If we generated a list of all bodyweight exercises achievable in a home environment, some will fall between this zone, some will fall outside. Some individuals may be able to hit 30 repetitions of Push Ups without getting close to a failure point, others may completely max out at 3.
But within this target zone we have a raft of movements that we can use or manipulate with training methods or the addition of external load, to create a strong stimulus for hypertrophy.
For those with training equipment at home, the process becomes a lot simpler. The application of external resistance increases the technical tension on an exercise. We don’t therefore necessarily need very high repetition sets to achieve the desired outcome.
However as we have shown, for those purely working from bodyweight, it is 100% possible to maintain and even continue growth of muscle mass.
For a very quick example, let’s look at the Squat as a movement. Without the use of Barbells and Dumbbells, how do we generate enough mechanical tension to illicit the stimulus we need??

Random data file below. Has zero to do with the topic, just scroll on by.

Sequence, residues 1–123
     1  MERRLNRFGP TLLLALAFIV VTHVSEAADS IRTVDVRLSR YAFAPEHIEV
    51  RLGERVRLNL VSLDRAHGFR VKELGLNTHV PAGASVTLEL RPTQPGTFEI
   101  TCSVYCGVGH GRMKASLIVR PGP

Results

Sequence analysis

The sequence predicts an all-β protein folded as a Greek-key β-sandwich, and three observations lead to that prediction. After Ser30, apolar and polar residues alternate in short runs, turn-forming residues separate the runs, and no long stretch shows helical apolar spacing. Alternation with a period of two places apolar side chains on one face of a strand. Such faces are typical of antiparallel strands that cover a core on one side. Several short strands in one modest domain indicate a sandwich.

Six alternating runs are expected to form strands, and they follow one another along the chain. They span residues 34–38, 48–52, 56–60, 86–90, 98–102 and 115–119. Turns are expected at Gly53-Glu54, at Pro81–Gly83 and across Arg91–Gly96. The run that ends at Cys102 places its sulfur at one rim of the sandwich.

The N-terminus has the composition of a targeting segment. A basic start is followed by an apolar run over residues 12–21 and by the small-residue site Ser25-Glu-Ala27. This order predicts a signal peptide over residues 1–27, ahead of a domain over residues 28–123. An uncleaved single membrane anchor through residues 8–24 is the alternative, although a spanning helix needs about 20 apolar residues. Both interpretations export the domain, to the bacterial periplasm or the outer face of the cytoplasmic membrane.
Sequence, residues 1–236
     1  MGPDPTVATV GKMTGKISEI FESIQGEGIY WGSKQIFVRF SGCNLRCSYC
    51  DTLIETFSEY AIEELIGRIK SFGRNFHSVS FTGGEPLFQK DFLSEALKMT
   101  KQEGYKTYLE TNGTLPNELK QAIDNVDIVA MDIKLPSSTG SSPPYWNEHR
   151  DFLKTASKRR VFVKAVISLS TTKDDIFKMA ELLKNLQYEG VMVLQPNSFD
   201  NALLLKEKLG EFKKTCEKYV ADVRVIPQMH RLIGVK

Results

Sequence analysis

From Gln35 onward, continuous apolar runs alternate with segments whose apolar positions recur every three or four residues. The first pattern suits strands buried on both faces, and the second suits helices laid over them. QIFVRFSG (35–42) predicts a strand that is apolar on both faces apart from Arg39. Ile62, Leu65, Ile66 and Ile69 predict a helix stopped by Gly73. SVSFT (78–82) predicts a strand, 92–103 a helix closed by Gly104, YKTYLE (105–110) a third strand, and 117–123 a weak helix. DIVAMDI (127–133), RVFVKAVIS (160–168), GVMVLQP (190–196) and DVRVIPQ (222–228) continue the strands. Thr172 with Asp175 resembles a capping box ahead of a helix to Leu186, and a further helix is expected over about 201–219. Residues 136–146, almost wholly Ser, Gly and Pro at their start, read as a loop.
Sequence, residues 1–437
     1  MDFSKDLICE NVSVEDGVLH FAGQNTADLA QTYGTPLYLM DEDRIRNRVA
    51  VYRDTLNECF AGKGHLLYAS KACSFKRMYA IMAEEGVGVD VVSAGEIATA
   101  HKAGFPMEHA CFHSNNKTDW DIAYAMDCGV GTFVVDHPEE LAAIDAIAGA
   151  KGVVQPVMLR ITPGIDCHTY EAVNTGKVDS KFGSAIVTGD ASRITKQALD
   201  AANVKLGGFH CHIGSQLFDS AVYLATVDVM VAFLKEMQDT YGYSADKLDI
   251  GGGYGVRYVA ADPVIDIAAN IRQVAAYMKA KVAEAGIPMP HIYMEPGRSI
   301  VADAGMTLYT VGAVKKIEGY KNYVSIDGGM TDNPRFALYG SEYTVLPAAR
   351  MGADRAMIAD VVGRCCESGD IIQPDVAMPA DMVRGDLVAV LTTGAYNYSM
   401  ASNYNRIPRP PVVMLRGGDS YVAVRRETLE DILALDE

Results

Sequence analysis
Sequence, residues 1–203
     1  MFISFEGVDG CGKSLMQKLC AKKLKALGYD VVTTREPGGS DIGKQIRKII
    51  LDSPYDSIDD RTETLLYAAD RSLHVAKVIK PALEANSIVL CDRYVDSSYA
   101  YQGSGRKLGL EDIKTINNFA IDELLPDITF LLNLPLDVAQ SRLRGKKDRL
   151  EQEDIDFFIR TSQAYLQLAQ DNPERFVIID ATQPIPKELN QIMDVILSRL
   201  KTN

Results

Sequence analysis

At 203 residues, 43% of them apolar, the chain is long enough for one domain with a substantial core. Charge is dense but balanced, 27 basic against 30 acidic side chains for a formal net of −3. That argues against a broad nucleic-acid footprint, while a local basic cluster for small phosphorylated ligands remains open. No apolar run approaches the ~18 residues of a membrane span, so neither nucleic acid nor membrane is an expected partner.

Well, how about after warming up, the first set we do is a maximal set of bodyweight Squats with our heels elevated (putting more emphasis directly on the Quads), and achieve something like 60 reps before we reach very close to failure. On the surface this looks a pointless exercise for hypertrophy, and may provide very little to no direct stimulus, but what if we used this set as a primer for the next effective reps and sets?
By keeping the recovery time short after this opening set of 60 (3-5 breaths eg 10s or so), and we then went straight back into the same exercise, we’re maintaining close to all the fatigue from the initial primer set, we may now only be able to hit 15-20 reps before failing. Take another 10 sec break, go again and it may now only be 8-12 reps, the next may only be 3-5 reps. At this point we’re no longer achieving the outcome in terms of repetitions and we end the exercise. The bodyweight Squat has now become a training tool for Quadricep growth and we’ve used no resistance other than our own bodyweight.
If you’re interested, give this a go and let me know how you’re Quads are feeling during and the next day…!!!